The lovely Michelle Park, NY1’s food and lifestyle reporter and, happily, a longtime friend of mine, asked Chris about where he gets his ingredients. Chris sources his ingredients from a distribution company called Zone 7 that sends him an updated product list every week of seasonal offerings from local farms. He likes to drive out to the farms from time to time, but Zone 7 makes his life easier by consolidating all of the information for the various potential suppliers in one place.

When the servers brought out the desserts, I was torn. On one hand, I was giddy with anticipation. On the other hand, I was cursing the lack of available space in my stomach. But I have discovered that I might have a separate stomach or some small reserve designated for desserts only, and I happily tried a bit of all of the desserts that came out (in order of appearance below): powdered sugar munchkins (not on the menu, served warm and impossibly moist – if Dunkin’ Donuts ever got a hold of this recipe, they might take over the world), the “Poppy-Sicle” (orange poppyseed cake topped with a tangerine creamsicle tube and lemon-yuzu foam), the chocolate tasting trio (milk chocolate pecan pie, dark chocolate brioche pudding, and white hot chocolate), and the deep dish apple pie served a la mode with butterscotch ice cream and a crispy apple cracker.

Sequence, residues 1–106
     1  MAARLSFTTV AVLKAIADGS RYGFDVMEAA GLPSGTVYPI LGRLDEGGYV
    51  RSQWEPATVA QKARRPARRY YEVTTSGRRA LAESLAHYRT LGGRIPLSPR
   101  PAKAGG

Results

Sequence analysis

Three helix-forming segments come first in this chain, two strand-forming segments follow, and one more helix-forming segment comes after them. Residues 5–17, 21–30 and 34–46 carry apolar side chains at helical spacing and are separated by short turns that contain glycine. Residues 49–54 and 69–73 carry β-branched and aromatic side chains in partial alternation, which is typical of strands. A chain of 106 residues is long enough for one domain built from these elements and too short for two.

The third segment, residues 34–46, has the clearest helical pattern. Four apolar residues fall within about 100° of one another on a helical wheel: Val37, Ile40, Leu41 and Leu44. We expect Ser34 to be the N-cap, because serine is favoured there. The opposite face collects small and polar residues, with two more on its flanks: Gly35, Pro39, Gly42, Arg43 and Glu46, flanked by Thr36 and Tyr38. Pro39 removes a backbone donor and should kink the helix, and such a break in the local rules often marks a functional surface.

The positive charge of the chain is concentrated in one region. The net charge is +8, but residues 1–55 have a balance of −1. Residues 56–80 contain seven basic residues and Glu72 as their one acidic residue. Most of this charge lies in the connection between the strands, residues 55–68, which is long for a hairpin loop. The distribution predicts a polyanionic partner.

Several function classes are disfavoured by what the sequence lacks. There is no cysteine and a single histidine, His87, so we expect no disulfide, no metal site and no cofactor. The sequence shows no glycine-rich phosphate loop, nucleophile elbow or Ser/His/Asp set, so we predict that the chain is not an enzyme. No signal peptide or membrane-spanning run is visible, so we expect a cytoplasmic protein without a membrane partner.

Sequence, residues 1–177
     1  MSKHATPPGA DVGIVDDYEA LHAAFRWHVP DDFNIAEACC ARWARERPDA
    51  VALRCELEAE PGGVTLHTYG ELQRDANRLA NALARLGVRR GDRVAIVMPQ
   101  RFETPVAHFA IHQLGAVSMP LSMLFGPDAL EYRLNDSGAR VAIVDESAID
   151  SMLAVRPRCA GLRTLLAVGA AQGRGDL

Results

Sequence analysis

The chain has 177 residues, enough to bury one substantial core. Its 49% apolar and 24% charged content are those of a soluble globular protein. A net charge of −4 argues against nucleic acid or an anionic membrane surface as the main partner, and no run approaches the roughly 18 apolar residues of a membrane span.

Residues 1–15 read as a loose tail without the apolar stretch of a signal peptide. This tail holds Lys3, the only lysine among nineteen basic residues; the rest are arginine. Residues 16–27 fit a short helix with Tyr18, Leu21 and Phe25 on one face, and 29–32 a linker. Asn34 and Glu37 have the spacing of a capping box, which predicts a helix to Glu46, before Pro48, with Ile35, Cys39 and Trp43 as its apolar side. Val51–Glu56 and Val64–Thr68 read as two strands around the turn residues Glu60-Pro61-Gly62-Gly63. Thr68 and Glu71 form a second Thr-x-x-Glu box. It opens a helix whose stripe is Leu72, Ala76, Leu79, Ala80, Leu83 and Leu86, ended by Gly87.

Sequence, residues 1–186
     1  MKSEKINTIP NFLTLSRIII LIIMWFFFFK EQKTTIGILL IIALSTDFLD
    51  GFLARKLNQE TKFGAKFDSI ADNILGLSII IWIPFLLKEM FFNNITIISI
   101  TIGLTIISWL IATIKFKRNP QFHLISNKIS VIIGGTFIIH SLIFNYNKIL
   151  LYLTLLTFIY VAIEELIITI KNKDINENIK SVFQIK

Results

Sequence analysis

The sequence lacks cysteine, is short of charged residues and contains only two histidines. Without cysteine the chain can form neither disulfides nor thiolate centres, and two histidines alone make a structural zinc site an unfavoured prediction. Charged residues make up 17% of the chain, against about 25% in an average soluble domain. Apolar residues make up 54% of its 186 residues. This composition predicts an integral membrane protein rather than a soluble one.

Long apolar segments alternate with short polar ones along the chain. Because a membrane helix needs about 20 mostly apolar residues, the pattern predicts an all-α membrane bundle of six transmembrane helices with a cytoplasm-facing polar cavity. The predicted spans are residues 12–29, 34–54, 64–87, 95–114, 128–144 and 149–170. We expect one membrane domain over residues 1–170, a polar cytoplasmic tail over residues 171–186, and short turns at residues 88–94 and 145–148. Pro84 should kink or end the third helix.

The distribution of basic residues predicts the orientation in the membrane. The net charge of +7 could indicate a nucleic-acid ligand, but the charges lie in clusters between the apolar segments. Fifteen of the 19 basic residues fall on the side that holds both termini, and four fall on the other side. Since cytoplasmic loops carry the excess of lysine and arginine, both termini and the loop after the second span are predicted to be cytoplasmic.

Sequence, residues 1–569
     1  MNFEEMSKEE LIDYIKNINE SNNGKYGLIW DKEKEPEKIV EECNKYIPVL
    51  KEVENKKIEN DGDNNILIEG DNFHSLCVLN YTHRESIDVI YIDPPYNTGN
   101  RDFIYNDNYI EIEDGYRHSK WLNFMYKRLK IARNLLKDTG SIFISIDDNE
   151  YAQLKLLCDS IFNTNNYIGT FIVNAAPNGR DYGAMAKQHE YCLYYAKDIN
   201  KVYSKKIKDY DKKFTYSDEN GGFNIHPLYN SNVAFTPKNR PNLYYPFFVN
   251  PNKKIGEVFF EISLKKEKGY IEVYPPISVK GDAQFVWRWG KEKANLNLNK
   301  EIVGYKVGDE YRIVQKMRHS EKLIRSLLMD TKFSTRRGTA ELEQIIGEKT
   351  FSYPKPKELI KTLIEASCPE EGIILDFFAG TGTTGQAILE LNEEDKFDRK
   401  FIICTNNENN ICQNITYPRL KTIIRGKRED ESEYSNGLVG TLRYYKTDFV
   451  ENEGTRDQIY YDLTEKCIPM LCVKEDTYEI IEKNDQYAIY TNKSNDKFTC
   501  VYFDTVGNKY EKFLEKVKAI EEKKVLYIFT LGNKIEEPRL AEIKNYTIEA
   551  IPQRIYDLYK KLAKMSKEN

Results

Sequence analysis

Woohoo! I love grown-up desserts.

Side note: in the summer, you can actually just take a ferry to the dock and there’s a huge outdoor space right on the water. If you want some primo seats to the Red Bull Air Race, this is the place to grab lunch and hang out all day. While we had a fancypants dinner, there’s also a great bar menu featuring burgers and salads and the like, and in nice weather, Chris fires up the grill on the deck. While I really enjoyed the winter menu, I think this would be even more amazing in summer when you can sit out on the deck and eat lunch and drink beer overlooking the water and the lower Manhattan skyline, make a day of it, yanno?

Eat: Maritime Parc (Jersey City, NJ) 84 Audrey Zapp Drive, Liberty State Park, Jersey City, NJ 07305. (201) 413-0050. Click here to make reservations.